BSU launches recording studio for Lumad music

MALAYBALAY CITY (MindaNews/20 Dec) – Bukidnon State University president Victor M. Barroso and equipment owner Johnny “Ding” Cabreira led launching rites Monday of a university-based community recording studio, the first of its kind intended to prioritize music of indigenous peoples and local artists in the province.

Barroso and Cabreira signed a memorandum of understanding to jointly manage the facility, which will be located at the BSU Auditorium.

Cabreira, a composer and an award-winning videographer of marine life, previously made the equipment available for use in the inter-faith community in Cagayan de Oro but decided to locate it at BSU. “It (studio) finally found a home,” he added, citing he did it for his advocacies with the IP and the environment.

Cabreira did the videography in the 3D mapping of the ridge to reef project that covered Mt. Kitanglad to Macajalar Bay, Ma. Estherluna Canoy of the Kitanglad Integrated NGOs said.

In 2006, he won the 2nd Moonrise Film Festival’s best in the Marine and Aquatic Resources category for his film, “The Hidden Treasures of Agutayan”. The film showcased the rehabilitation of the Agutayan Reef in Jasaan, Misamis Oriental.

Mercibelle B. Abejuela, director of the BSU cultural affairs office, said in her presentation that the studio will serve as a repository of indigenous and original local music. She said the studio will not only cater to recording but also collection and archiving to prioritize work of the IPs and the province’s artists.

Abejuela said, however, that they will also cater to the general public’s recording needs. The studio, she said, will help develop the indigenous and local music scene especially with the holding of the annual Bukidnon Music Festival.

International performer and visual artist Waway Saway from the Talaandig tribe in Sungko, Lantapan, Bukidnon top billed the launch’s performances showcasing Bukidnon talents.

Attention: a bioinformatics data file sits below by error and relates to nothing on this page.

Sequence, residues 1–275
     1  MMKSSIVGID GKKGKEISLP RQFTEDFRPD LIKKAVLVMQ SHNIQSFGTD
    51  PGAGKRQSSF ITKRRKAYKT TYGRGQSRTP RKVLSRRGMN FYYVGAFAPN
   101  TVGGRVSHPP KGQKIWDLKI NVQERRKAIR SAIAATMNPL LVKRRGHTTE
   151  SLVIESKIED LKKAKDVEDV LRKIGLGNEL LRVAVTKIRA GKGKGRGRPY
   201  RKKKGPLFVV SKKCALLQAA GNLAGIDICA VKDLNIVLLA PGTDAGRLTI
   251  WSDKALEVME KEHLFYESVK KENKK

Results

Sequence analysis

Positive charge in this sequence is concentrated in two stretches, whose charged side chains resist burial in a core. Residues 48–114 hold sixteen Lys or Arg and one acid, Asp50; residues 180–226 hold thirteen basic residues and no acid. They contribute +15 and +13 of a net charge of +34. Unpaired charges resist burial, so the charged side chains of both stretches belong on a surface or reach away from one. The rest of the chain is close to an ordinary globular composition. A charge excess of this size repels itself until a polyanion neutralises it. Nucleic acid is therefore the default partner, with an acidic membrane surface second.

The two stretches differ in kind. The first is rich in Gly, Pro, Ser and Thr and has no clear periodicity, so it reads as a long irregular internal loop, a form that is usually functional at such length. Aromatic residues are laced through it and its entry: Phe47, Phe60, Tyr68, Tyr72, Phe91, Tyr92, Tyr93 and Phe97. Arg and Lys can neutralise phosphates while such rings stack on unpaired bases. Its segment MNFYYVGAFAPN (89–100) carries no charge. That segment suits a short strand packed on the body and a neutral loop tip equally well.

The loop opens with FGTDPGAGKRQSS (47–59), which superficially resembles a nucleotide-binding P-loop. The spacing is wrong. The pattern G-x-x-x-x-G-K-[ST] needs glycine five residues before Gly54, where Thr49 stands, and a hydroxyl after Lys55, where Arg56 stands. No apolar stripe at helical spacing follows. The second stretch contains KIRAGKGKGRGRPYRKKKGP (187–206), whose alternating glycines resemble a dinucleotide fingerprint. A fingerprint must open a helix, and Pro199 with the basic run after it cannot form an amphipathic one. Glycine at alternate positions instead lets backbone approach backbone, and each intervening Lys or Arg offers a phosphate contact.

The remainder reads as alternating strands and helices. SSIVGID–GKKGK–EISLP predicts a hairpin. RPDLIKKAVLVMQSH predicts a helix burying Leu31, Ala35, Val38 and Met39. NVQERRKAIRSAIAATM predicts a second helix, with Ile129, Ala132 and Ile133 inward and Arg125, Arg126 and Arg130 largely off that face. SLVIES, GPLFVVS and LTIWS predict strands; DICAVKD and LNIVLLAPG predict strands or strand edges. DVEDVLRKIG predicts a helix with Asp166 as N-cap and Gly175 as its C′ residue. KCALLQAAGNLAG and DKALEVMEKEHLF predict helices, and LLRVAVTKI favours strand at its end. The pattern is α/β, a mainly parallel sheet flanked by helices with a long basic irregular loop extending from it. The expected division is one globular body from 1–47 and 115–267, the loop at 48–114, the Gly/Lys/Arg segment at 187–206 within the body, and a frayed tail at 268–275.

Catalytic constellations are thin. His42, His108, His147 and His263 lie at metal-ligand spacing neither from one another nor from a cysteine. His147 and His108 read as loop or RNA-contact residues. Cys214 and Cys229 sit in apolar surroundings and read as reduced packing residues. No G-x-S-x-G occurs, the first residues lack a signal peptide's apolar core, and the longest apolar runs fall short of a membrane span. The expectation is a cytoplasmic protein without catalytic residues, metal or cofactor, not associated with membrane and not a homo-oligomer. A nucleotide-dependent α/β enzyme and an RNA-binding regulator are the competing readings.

Saway played a tambuleleng, a two-stringed instrument, which he developed from the Talaandigs’ katyapi and dayuday. He dedicated his piece to his parents who managed to keep their tribe’s music even with simpler instruments. Saway also offered his performance to the victims and survivors of the flashfloods in Northern Mindanao brought by tropical storm Sendong over the weekend.

Saway told MindaNews they welcomed the opening of the studio especially for the indigenous and local artists. He said they previously needed to travel to other cities to pursue recording. It will make it easier for Bukidnon artists, he added, to develop their craft and for enthusiasts to access IP and local music.

Madelyn Sagayon Palasol, head of the Bukidnon Council of Baes and Tribal Women, which has a group of 12 cultural performers formed since 2006, said the studio has opened the door to opportunities for local performers.

The group has five original compositions in Binukid about life in Bukidnon, including a song that features the beauty of Mt. Kitanglad. They have long wanted to record their music, she added.

But Palasol said until they heard of the news of the local recording studio focusing on the Lumad, they thought it was not possible. Palasol and another performer from the group rendered Binukid translations of “Bayan Ko,” “Those were the days,” and other songs during the launch. The Bukidnon Daraghuyan Tribe and the BSU Chorale also performed. (Walter I. Balane / MindaNews)